simplified while the fixpoint computationis delayed until the context of use of
the module is known, see e.g. [77]); –2–Worst-caseseparate analysis(which
consists in considering that absolutely no information is known on the interfaces
of the module as in the escape analysis of higher-order functions by [17]orin
the detection of all potential interactions between the agents of a part of a mo­
bile system interacting with an unknown context [74]) ; – 3 – Separate analysis
with (user-provided) interfaces (where theproperties of the external objects ref­
erenced in the program part are defined by the user so that the analysis of the
module can rely on that information while any use of the module must guarantee
itsveracity);and–4–Symbolicrelationalseparateanalysis(wheretheanalysis
of the module relates symbolically the local information within the module to
named external objects through a relational domain as in the pointer analysis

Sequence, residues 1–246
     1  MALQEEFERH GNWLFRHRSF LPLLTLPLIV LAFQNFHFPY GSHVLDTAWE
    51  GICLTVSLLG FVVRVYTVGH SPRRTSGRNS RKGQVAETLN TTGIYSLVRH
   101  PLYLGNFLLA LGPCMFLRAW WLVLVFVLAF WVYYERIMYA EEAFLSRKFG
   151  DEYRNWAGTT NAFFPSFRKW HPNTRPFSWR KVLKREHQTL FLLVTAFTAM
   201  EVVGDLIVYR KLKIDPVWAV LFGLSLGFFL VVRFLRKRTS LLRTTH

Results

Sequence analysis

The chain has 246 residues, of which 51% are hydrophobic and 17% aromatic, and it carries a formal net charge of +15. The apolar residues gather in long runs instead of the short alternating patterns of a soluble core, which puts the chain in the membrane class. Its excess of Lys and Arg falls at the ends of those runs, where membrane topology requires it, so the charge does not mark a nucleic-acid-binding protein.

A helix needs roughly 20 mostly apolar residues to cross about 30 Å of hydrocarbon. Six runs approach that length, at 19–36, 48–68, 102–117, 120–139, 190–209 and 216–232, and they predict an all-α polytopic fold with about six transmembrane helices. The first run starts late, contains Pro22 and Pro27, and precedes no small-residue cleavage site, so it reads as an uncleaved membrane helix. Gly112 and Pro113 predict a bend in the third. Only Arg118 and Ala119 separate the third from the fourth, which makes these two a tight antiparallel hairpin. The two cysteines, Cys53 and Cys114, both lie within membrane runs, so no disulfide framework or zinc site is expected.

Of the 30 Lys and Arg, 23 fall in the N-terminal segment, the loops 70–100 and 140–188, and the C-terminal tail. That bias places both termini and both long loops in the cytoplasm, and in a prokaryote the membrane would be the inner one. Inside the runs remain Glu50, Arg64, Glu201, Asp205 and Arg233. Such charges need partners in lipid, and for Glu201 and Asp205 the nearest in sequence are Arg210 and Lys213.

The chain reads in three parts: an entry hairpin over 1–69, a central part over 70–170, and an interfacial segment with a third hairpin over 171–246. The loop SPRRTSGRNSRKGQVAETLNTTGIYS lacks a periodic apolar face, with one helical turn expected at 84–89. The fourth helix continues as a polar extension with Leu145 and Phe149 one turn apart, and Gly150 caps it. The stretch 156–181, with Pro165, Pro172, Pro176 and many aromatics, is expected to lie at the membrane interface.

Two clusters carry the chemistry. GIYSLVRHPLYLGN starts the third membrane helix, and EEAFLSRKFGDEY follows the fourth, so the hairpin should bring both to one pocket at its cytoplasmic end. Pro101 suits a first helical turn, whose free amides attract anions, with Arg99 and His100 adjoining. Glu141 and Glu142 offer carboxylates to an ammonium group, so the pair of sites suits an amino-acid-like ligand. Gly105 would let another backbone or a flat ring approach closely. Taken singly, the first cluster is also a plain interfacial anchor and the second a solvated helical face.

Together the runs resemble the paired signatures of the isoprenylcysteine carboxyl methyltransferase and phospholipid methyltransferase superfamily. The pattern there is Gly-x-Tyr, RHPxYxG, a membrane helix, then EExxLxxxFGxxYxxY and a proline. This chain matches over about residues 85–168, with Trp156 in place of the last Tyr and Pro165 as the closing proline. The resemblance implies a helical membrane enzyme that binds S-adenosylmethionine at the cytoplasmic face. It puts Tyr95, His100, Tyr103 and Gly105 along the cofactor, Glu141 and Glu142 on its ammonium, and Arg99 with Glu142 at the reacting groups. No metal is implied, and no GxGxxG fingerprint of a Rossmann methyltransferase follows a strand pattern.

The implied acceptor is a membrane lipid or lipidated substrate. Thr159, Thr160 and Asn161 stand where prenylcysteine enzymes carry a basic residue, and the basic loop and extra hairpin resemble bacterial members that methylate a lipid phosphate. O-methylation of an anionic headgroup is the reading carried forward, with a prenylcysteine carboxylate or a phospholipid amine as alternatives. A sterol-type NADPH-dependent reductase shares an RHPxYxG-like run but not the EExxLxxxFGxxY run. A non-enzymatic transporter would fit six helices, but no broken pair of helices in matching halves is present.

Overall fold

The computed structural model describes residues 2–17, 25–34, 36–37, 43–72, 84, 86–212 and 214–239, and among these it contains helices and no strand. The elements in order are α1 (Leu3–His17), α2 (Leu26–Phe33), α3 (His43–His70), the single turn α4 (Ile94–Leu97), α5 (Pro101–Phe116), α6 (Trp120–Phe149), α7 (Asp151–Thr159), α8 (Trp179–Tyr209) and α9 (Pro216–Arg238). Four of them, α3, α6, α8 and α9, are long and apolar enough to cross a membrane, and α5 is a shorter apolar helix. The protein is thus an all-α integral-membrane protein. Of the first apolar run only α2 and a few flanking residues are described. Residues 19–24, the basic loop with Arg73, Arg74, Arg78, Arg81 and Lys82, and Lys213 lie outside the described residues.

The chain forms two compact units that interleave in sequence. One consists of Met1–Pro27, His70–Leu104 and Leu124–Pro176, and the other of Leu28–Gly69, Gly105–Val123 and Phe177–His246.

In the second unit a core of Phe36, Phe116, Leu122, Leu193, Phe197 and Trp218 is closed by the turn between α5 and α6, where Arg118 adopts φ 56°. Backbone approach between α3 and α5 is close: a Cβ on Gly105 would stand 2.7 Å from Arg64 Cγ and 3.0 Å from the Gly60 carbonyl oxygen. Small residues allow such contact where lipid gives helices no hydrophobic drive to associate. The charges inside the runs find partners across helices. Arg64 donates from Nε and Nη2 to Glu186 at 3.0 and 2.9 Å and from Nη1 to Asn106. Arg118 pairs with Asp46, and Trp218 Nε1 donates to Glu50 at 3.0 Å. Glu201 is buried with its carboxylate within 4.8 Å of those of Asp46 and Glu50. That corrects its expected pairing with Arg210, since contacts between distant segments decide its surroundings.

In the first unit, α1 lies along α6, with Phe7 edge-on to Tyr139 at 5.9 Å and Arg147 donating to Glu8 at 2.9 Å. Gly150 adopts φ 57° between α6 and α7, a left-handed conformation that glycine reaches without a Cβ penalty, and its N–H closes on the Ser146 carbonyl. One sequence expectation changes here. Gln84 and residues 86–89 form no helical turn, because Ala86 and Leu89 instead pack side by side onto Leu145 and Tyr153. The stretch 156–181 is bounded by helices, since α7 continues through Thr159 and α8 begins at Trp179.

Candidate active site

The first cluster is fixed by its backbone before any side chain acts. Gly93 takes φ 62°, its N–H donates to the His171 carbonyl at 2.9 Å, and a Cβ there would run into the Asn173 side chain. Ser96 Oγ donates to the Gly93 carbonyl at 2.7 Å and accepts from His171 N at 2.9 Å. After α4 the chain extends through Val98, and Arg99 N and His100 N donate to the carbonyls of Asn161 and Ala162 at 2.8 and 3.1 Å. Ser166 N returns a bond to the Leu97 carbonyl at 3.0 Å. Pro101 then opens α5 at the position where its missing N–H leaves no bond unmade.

of [49,Sec. 4.2.2]). There is also a fifth category which is essentially obtained by
iterative composition of the above separate local analyses and global analysis
methods [45]. For example, very large software based on a library of elementary
functions could be analyzed efficiently by a very precise separate (thus possibly
parallel) analysis of the basic functionslaterreused, maybe at a lower degree of
precision, for the whole program analysis [45].
3.7 Timing
Embedded software (in particular when design according to the model of synchro­
nous languages such as Lustre [27]or Signal [15]), must be shown to satisfy10 Patrick Cousot and Radhia Cousot
timing constraints (typically execution of all simultaneous “instantaneous” ac­
tions must take less than a given upper bound, typically of few milliseconds).
Modelling such timing constraints is difficult if not impossible when bounds
are tight so that characteristics of modern computers such as pipelines and
cache hierarchies must be taken into account. These are numerous extensions
of model-checking to handle time (such as timed automata e.g. [7,141,6,21])
but it would be very difficult to manually design appropriate models at the re­
quired fine grain level. Indeed in program analysis, the timing semantics can
hardly be designed at the programming language source level (for which auto­